Flock of Red Knots at Cape May, New Jersey
In one of the stranger relationships in nature, Red Knots and Horseshoe Crabs dance together on the beaches of the Delaware Bay in New Jersey and Delaware for a few short weeks at the end of May each year, and then ignore each other until urges bring them back again the following May. Urges? Actually, the Horseshoe Crabs (left) are there to mate and lay eggs to perpetuate the species, hopefully more eggs than the birds will eat.
The Red Knots, (below left, summer breeding; below right, winter) having carefully timed their arrival from the southern tip of South America, are there to eat all the eggs they can to build up their depleted fat reserves so that they can continue their migration on to the high Canadian Arctic for their summer of mating and perpetuating their species. They rely on the Horseshoe Crabs to provide enough crab eggs for them to gorge upon and rebuild all their fat reserves lost in the first leg of the migration flight. For millennia this converging dance has worked well, as the crabs produced more than enough eggs and their numbers grew; just as the shorebirds were able to eat more than enough to be able to reach their breeding grounds and have all the energy they needed to successfully raise their young and increase their numbers. Happiness reigned.
Then came human Greed. First, in the early nineties, a small number of opportunists discovered that Horseshoe Crabs, ground up, made good cheap plentiful fertilizer. They carted Horseshoe Crabs away by the truck load. Shortly behind them, another group of opportunists discovered the horseshoe crabs made excellent cheap plentiful bait for catching eels, those delightful slippery slimy metaphors for the criminal dregs of our society, that in real life are the tasty parts of Japanese sushi, for which there is a vast Asian market. Many more truckloads of Horseshoe Crabs were carted away. Not surprisingly, the Horseshoe Crab population plummeted, and also not surprisingly, did the Red Knot population: from an estimated 140,000 in the 1990’s to less than 15,000 in the early 2000’s when a state moratorium on harvesting Horseshoe Crabs went into effect.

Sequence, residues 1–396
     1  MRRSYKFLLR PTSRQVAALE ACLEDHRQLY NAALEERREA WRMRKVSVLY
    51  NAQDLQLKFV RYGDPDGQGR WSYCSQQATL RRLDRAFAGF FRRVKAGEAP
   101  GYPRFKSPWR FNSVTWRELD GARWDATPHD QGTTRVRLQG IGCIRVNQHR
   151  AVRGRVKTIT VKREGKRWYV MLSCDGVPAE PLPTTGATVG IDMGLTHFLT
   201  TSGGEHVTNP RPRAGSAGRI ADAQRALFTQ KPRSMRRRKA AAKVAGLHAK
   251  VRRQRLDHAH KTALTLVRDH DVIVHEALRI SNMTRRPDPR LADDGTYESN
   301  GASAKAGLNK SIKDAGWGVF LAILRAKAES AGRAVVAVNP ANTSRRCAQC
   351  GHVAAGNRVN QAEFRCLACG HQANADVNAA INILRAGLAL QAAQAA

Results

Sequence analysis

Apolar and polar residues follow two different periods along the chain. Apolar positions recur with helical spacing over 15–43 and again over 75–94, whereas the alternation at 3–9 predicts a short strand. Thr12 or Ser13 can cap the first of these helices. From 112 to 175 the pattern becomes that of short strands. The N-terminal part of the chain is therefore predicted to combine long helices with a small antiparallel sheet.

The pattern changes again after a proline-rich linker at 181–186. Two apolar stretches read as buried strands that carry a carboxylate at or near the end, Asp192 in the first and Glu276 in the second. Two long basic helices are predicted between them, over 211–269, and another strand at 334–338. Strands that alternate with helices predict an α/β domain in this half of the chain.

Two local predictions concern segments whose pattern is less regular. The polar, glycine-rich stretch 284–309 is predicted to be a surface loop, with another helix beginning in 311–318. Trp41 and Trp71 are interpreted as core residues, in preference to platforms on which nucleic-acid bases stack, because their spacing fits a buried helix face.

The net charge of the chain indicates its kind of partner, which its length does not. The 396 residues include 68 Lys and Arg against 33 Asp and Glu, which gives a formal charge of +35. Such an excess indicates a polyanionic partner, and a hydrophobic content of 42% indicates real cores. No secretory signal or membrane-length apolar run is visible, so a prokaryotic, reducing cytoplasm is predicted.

Since the moratorium they have rebounded to around 25,000, but they are definitely not out of the woods. Tremendous lobbying pressure continues for the lifting of the moratorium and to allow the same small number of opportunists to resume cashing in on the easy pickings.
But human greed is not the Red Knot’s only problem, nature can also create disastrous circumstances. Hurricane Sandy did well publicized damage to New Jersey’s Atlantic beaches, but it also did much, less well publicized, damage to the Delaware Bay beaches where the Horseshoe Crabs and the Red Knots do their annual dance. Strapped New Jersey did not have the funds necessary to restore the Delaware Bay beaches, and it was only a very concerted private effort that raised the funds to do the restoration work in time for the Red Knot – Horseshoe Crab 2013 annual prom. See: http://www.nj.com/news/index.ssf/2013/06/red_knots_shorebirds_feast_on.html.
While virtually the entire world’s population of Red Knots passes through Delaware Bay on its annual migration north, a small part of the population has begun to change its pattern and fly to Florida for the winter, rather than make the entire journey to Tierra del Fuego. They can be found wintering at Merritt Island and also at Sanibel. Perhaps this is nature’s way of accommodating the changes the species is encountering to ensure its survival.
I don’t expect that we will ever see the Delaware Bay beaches undulating with Horseshoe Crabs and Red Knots as we did in the 1950’s and 60’s when there were no houses on the beaches or road access as there is now, and it was very difficult to even get to the beaches to view this annual spectacle, which then continued as far as the eye could see; but we can hope that with enough dedicated conservation care and concern, future generations will continue to thrill at the spectacular annual Red Knot – Horseshoe Crab prom.
The photos depict Horseshoe Crabs mating, and those that perished, presumably after mating, as well as Red Knots in breeding and winter plumage, and in flight. The beaches are littered with Horseshoe Crabs shells for miles. (right)
For a short video of shorebirds feeding on Horseshoe Crab eggs, see: http://youtu.be/f6bKqolJAt8
For an excellent, comprehensive 50 minute PBS film on the two species interaction, see: http://www.pbs.org/wnet/nature/episodes/crash-a-tale-of-two-species/video-full-episode/4772/.